astute political analyst, as well as a senator.

      How hard does he think it's going to be for a Republican to win next year?

      T. HAGEL: I mean, he has not confided in me any great details that
      probably are not available to everybody else.

      But I don't think he is even focused on that. I think he is solely
      focused - to be real frank with you right now - I think he is solely
      focused on doing what he can to provide leadership to get out of this war.

      GREGORY: Right.

      T. HAGEL: Secondly, of course, I believe - I'm not, I don't have any
      inside information - but I believe he'll ultimately throw his hat in
      the ring. And I think that is going to be the primary, leading
      subject, if you will - goal, maybe - of coming up with some plan to
      get out of this mistaken war that we're in.

      GREGORY: You talk about war. Your life, your brother's life, very
      much defined by your service in Vietnam.

      T. HAGEL: Yes.

      GREGORY: Take me through that, serving with your brother, and your
      experience in Vietnam and how it has colored both of your views about
      this war.

      T. HAGEL: It can't help but color a person's view, regardless of what
      their service was.

      But our service was, we were infantry riflemen in the Mekong Delta in
      1968 - a bad year over there - and we saw a lot of the worst of it.

      And that's why I think his position on the war deserves so much more
      credibility than most other of his colleagues. Because when they talk
      about the war in Iraq, putting it on ground level, the best they can
      do, and rightfully so, is look at it in the abstract.

      He is maybe the only person in the Senate who actually knows what
      those folks are confronting each and every day.

      GREGORY: He's been in the mud .

      T. HAGEL: Yes, he has.

      GREGORY: And seen the hard reality of battle. He saved your life
      there, didn't he?

      T. HAGEL: Yes.

      GREGORY: Tell me about that.

      T. HAGEL: I don't know if I want to get into all that.

      GREGORY: It was a tough period.

      T. HAGEL: Yes. Very difficult.

      GREGORY: It was remarkable, wasn't it, that you two were even serving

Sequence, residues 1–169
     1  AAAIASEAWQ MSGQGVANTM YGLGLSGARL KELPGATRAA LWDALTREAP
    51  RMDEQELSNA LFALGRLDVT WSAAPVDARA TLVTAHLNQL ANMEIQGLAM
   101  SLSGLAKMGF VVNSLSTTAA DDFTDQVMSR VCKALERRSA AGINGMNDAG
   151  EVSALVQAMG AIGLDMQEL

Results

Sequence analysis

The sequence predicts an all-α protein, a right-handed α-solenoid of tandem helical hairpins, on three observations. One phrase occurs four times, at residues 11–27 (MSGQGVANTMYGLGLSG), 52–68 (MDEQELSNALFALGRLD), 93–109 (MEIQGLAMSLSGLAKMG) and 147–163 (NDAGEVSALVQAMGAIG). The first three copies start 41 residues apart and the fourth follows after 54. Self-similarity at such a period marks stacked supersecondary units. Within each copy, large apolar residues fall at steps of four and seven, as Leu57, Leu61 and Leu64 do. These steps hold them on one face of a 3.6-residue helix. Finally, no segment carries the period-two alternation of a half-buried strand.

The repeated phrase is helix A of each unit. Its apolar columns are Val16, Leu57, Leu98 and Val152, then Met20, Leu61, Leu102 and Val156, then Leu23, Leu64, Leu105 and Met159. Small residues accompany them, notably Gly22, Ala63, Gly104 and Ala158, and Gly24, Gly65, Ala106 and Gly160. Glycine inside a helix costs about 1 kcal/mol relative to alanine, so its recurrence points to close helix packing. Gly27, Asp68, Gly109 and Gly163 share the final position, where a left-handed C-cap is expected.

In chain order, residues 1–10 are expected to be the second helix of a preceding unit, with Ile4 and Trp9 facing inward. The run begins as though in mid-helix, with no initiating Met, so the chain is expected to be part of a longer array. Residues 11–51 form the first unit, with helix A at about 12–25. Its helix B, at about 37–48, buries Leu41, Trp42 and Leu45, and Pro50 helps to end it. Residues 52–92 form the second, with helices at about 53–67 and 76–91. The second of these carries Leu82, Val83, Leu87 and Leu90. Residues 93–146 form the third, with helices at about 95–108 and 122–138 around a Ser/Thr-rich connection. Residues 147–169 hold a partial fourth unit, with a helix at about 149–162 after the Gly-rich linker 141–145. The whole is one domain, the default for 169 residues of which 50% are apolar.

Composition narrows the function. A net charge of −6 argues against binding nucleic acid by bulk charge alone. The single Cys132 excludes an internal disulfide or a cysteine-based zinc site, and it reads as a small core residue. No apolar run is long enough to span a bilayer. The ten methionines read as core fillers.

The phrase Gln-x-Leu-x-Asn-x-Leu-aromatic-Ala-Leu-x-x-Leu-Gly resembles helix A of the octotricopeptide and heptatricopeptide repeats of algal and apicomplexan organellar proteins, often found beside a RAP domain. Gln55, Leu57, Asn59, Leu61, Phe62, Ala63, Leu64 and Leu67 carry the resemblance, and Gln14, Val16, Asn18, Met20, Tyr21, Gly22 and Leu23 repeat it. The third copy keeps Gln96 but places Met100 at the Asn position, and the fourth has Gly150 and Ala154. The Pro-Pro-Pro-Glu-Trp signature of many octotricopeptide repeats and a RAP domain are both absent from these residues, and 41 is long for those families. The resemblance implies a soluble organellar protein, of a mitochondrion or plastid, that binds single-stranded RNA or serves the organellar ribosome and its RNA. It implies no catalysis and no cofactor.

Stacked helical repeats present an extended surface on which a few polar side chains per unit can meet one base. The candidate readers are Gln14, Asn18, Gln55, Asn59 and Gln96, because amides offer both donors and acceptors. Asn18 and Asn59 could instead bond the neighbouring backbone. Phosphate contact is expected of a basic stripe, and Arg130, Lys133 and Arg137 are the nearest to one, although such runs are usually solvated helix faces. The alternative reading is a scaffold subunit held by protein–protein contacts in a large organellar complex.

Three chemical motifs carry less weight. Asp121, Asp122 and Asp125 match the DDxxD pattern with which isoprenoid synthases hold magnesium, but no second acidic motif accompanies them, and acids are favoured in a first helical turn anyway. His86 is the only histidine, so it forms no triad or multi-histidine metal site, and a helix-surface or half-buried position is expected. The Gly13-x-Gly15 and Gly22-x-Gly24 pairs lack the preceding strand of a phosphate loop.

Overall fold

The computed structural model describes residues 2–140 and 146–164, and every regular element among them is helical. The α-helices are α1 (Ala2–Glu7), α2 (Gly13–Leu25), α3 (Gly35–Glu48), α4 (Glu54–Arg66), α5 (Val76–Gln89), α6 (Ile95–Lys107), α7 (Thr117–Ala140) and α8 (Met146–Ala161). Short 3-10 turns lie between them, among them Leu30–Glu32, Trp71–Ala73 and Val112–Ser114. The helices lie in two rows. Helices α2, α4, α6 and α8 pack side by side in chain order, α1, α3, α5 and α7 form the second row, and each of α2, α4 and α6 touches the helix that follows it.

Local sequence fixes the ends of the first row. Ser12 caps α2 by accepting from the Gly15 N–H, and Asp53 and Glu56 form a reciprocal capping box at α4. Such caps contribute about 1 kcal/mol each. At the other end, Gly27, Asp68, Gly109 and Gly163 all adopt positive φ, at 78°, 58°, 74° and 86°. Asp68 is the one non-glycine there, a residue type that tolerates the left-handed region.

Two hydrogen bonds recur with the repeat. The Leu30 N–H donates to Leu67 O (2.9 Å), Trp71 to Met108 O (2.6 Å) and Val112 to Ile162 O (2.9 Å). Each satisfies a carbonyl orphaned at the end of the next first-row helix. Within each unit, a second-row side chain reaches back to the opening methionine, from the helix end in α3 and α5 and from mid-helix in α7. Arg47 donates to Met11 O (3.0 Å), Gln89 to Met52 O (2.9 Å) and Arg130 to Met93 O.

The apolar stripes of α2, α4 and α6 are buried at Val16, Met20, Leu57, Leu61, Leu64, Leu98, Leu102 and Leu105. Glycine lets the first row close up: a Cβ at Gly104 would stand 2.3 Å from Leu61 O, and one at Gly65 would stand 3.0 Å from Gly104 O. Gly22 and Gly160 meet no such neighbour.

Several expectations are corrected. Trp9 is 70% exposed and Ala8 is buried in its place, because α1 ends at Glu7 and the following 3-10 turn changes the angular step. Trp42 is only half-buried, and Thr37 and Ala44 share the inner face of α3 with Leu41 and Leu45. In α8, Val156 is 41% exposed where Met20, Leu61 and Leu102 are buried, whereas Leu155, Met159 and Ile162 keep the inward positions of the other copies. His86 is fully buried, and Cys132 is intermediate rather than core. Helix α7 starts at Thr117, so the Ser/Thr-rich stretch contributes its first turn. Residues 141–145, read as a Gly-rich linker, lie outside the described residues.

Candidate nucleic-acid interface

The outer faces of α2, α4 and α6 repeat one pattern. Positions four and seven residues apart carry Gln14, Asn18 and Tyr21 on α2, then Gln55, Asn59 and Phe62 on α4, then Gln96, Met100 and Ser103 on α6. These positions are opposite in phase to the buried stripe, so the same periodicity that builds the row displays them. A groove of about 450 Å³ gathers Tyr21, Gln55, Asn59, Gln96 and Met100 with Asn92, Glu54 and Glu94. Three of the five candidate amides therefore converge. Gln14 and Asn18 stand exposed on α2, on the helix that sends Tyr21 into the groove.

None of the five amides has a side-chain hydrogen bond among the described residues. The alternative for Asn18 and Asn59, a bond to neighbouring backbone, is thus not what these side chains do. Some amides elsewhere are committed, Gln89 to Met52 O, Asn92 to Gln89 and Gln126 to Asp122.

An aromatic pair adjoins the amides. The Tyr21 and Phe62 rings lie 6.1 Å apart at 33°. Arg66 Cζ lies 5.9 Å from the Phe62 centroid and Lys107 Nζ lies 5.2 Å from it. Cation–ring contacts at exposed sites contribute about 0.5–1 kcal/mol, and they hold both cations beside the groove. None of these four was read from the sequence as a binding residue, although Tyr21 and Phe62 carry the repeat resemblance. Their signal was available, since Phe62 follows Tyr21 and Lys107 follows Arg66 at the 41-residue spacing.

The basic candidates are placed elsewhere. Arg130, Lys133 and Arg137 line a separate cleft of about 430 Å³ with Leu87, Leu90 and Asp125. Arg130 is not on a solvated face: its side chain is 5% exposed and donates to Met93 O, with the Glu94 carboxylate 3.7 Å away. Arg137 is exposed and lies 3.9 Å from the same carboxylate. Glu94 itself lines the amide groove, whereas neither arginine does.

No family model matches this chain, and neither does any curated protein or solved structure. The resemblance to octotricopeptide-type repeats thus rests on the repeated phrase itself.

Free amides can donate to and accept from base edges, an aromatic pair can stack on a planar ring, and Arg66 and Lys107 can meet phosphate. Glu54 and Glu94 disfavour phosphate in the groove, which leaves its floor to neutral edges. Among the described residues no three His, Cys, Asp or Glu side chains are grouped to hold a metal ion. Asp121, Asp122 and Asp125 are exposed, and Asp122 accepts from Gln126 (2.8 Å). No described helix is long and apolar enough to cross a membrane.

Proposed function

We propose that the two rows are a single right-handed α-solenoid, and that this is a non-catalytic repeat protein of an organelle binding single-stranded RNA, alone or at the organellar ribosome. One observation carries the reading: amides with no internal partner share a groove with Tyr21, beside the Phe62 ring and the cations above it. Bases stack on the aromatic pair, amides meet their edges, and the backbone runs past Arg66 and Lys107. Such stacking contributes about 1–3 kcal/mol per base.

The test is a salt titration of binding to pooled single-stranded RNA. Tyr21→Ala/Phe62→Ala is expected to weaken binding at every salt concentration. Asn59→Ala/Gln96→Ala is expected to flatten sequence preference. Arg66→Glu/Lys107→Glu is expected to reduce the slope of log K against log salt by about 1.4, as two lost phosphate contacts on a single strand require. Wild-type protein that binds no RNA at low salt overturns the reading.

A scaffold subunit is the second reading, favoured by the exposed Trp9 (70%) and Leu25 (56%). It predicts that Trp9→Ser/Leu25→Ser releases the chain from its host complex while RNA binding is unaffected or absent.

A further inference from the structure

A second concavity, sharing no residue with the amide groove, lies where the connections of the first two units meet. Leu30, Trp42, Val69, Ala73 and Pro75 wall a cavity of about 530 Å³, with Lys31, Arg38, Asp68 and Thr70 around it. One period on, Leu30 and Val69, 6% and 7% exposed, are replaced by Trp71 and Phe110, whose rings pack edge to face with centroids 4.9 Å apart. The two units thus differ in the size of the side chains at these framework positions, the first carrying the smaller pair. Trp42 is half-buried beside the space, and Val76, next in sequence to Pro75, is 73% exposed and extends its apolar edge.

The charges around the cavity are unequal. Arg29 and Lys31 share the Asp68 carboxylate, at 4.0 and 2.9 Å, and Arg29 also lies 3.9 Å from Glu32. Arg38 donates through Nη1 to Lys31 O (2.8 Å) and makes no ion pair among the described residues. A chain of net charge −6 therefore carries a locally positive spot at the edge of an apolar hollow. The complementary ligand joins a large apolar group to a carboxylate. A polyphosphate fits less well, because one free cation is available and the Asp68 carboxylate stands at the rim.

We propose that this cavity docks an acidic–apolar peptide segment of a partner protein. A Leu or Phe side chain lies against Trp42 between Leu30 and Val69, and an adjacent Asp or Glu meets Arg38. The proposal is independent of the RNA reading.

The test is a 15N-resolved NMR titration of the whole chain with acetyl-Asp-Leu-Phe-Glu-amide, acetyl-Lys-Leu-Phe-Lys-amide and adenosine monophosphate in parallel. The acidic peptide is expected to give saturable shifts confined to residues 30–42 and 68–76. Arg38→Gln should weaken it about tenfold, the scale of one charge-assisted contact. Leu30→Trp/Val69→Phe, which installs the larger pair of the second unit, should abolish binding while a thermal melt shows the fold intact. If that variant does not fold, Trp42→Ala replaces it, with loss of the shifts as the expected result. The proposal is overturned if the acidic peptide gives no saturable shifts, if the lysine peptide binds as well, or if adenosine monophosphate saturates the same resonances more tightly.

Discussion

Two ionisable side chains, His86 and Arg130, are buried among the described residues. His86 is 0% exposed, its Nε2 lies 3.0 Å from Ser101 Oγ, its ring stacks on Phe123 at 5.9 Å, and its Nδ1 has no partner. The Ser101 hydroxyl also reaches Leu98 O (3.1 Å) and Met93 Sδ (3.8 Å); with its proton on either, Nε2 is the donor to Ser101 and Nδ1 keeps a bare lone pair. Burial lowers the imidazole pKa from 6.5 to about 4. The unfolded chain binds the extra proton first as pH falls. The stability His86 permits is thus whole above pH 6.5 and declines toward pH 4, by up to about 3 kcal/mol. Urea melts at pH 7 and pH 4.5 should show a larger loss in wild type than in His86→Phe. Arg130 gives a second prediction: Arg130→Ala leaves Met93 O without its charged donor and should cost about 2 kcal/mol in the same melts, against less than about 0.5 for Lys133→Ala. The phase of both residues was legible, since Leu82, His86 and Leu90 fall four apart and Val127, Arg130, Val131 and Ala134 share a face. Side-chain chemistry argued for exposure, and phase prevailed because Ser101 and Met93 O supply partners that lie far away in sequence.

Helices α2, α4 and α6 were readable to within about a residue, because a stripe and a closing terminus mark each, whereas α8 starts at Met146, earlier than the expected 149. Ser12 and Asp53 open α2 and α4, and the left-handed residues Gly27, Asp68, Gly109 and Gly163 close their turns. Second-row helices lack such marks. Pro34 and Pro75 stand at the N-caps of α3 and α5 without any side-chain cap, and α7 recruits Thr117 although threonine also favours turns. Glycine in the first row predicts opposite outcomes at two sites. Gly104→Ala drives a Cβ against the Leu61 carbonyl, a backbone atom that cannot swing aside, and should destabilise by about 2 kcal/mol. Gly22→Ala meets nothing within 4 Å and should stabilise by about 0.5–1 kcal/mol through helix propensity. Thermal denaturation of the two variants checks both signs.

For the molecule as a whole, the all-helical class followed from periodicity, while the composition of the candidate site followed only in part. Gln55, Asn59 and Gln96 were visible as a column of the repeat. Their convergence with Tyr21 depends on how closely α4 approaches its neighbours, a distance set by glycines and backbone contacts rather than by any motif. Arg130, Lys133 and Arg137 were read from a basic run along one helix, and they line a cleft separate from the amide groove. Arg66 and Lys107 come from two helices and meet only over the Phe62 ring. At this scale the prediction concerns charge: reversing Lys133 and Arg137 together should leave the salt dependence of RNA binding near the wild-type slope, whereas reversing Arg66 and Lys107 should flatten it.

in the same place.

      T. HAGEL: Yes. Neither one of us can explain it. We were in, in
      fact, totally different ends of the country, and we end up not only in
      the same infantry division, but the same battalion, the same company
      and the same squad.

      And we were tighter in the field, I think altogether about seven or
      eight months of our time over there. So, we saw a lot of awful things.

      GREGORY: And you both came out with different views about the war in

      T. HAGEL: Initially, yes. When I left, I was absolutely frustrated
      and angry, because I felt that we had been lied to and misused, and
      that a lot of people lost their life and were affected through various
      types of wounds that would affect them the rest of their life - for

      And Chuck took the other end. And he believed that it was a justified
      war, justified conflict, our involvement was justified. And he held
      that position for a long time.

      But as he may tell you - I know he's talked about this with other
      people recently - that he has changed his mind dramatically on that.

      GREGORY: Just in case people are just looking up now, I just want to
      be very clear.

      Your view after this announcement today that left some people shaking
      their heads, is that this was just a precursor to your brother,
      Senator Hagel, getting into the race for president. That's your view,
      that that will happen in time.

      T. HAGEL: My gut tells me that is correct. I don't have any inside
      information. But knowing Chuck, I think that he is - it's just a
      matter of time.

      GREGORY: Do you think he'd win?

      T. HAGEL: I've talked to him about that. And I told him that, even
      though I'm a Democrat, if he wants to throw his hat in the ring, more
      power to him.

      I'm not going to be involved in the campaign, but I said that .

      GREGORY: Would you vote for him, though? Can he get his brother's vote?


      T. HAGEL: Well, who knows who will be running, right?

      GREGORY: You're not going to commit yet?

      T. HAGEL: No, because I don't want to turn our relationship into, you
      know, I guess subject it to all the political problems that could arise.

      But one thing I told him is that, it's my belief that his biggest
      problem will be getting the nomination. Because the people who run
      the political - or, the Republican Party today, are the type of people
      who will punish him for being honest and taking a stand.

      GREGORY: All right. Tom Hagel, Senator Chuck Hagel's brother, coming
      on the program tonight, exclusively. Thanks very much.

      T. HAGEL: Thank you.
      © 2007 MSNBC Interactive